Things to do in Glacier National Park

By Stef Zisovska
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Things to do in Glacier National Park

Stef Zisovska
 
 
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Glacier National Park is located in the beautiful state of Montana on the border with Canada. The park covers an area of over 1 million acres, including two mountain ranges, 130 lakes, more than 1000 plant species and over 100 animal species. This abundant ecosystem is often referred to as the jewel in the crown of the continent’s ecosystems. The mountains at Glacier National Park started forming 170 million years ago. These fine sediment rocks are known as the home of the Earth’s oldest fossils, many of which can’t be found anywhere else in the world.

The current shape of the mountains in the Park is due glacier activity that formed lakes between the rocks. Full of rivers, lakes, trails, forests, glaciers, and valleys, Glacier National Park is one of the most visited in the country. If you’re looking for a place that offers plenty of outdoor activities for any age, then this is the perfect park for you. You will be especially happy to enjoy its stunning landscapes during summer time.

Hiking

Hiking in Glacier National Park
Hiking in Glacier National Park

There are over 700 miles of trails crossing the park where you can choose anything from a short hike to a long backpacking trip. The most visited trails in the Park are Lake McDonald, Many Glacier, North Fork and Goat Haunt, St. Mary and Two Medicine. When hiking, try to do it with a group of people to avoid potentially dangerous wildlife encounters.

Before heading for a trail, stop at the visitors center to inform yourself about the weather conditions and to let authorities know what your hiking plans are. Be sure to have sturdy footwear, adequate food and water supplies, bear spray, sunscreen, and mosquito repellent.

Backcountry camping

With all the abundant wildlife, alpine lakes and towering mountains, Glacier National Park is a paradise for backpackers. To be able to camp here, you need to get a permit and pay $7 per person at one of the backcountry permit offices. Permit centers where you can register are St. Mary Visitor Center, Many Glacier Ranger Station, Waterton Lakes National Park Visitor Reception Centre, Two Medicine Ranger Station, Polebridge Ranger Station (Open daily from May through mid-September).

Many Glacier camp tender’s cabin
Many Glacier camp tender’s cabin

The park has 65 designated campgrounds. Recommended gear for your backcountry camping trip includes bear spray, topographic maps, compass, first aid kit, high-calorie food, shelter, sleeping bag and pad, appropriate footwear, rain jacket, lightweight camp shoes, footwear for stream crossings, weatherproof food, and garbage hanging bag, water container and water filter, camp stove, fuel, and emergency signaling device.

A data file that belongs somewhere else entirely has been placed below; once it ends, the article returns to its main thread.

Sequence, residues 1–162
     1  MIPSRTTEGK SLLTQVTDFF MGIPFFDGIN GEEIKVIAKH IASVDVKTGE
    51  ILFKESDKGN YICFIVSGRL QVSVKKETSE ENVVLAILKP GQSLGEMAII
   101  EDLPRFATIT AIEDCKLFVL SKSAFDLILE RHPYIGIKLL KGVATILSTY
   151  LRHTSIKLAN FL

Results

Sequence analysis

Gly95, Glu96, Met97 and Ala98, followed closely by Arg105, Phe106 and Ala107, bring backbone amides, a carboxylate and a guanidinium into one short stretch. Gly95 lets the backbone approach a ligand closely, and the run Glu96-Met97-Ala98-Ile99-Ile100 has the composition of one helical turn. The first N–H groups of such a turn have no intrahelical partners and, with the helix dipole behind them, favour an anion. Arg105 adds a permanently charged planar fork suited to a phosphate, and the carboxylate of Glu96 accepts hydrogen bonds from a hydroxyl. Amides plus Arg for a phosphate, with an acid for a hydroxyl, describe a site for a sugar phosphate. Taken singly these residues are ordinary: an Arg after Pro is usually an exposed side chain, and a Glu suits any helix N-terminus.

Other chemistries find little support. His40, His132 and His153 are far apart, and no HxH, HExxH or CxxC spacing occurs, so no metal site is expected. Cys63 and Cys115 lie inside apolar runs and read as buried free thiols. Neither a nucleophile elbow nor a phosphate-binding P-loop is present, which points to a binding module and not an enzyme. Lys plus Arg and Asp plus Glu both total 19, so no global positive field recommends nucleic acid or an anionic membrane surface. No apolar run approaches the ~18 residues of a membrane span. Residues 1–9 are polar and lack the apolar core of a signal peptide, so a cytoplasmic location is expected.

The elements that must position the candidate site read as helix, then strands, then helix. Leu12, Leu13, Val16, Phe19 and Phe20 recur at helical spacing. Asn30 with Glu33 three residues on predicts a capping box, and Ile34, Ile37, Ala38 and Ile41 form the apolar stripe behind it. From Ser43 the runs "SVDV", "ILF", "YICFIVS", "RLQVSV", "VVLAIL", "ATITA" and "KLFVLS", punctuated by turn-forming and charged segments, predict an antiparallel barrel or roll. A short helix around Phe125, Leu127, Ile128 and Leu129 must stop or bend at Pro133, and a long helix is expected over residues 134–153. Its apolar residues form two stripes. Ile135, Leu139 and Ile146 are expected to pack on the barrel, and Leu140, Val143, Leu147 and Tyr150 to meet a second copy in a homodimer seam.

Going-to-the-Sun Road

There is probably no other road in the world quite like it
There is probably no other road in the world quite like it
Going-to-the-Sun Road is usually open throughout the whole year, depending on the weather conditions. This year, the west side will close October 9, 2017, due to road reconstruction. From 15th of June to 4th of July there are cycling trails open every day from 11 a.m. to 4 p.m. These trails are eastbound from Logan Creek to Logan Pass and the south end of Lake McDonald to Sprague Creek Campground. Logan Pass is the highest point on Going-to-the-Sun Road at 6,646 feet. Here you can enjoy the amazing views of Glacier National Park and also see many of the park’s constant residents, the mountain goats.

River Camping

Camping by the river
Camping by the river
North Fork on the Flathead River provides primitive camping locations at Ford Creek, Big Creek, and Glacier Rim. Camping groups may not include more than 12 people and are allowed to stay at any one camping ground for one night only. After the first night, the group needs to move for at least a mile to the next camp site. Wood fires are allowed if contained in a fire pan and the food needs to be secured from bears. Suspending food items a minimum of 10 feet above the ground is highly recommended.
Boating, fishing, guided tours, ranger-led programs, photography, biking, and horseback riding are just some of the other outdoor activities that Glacier National Park offers to its visitors. If you are a nature fan but prefer to spend your summer vacation on a riverside instead of on a beach, then Montana is what you’re looking for. Summertime is perfect for camping in Glacier National Park. Enjoy your visit!

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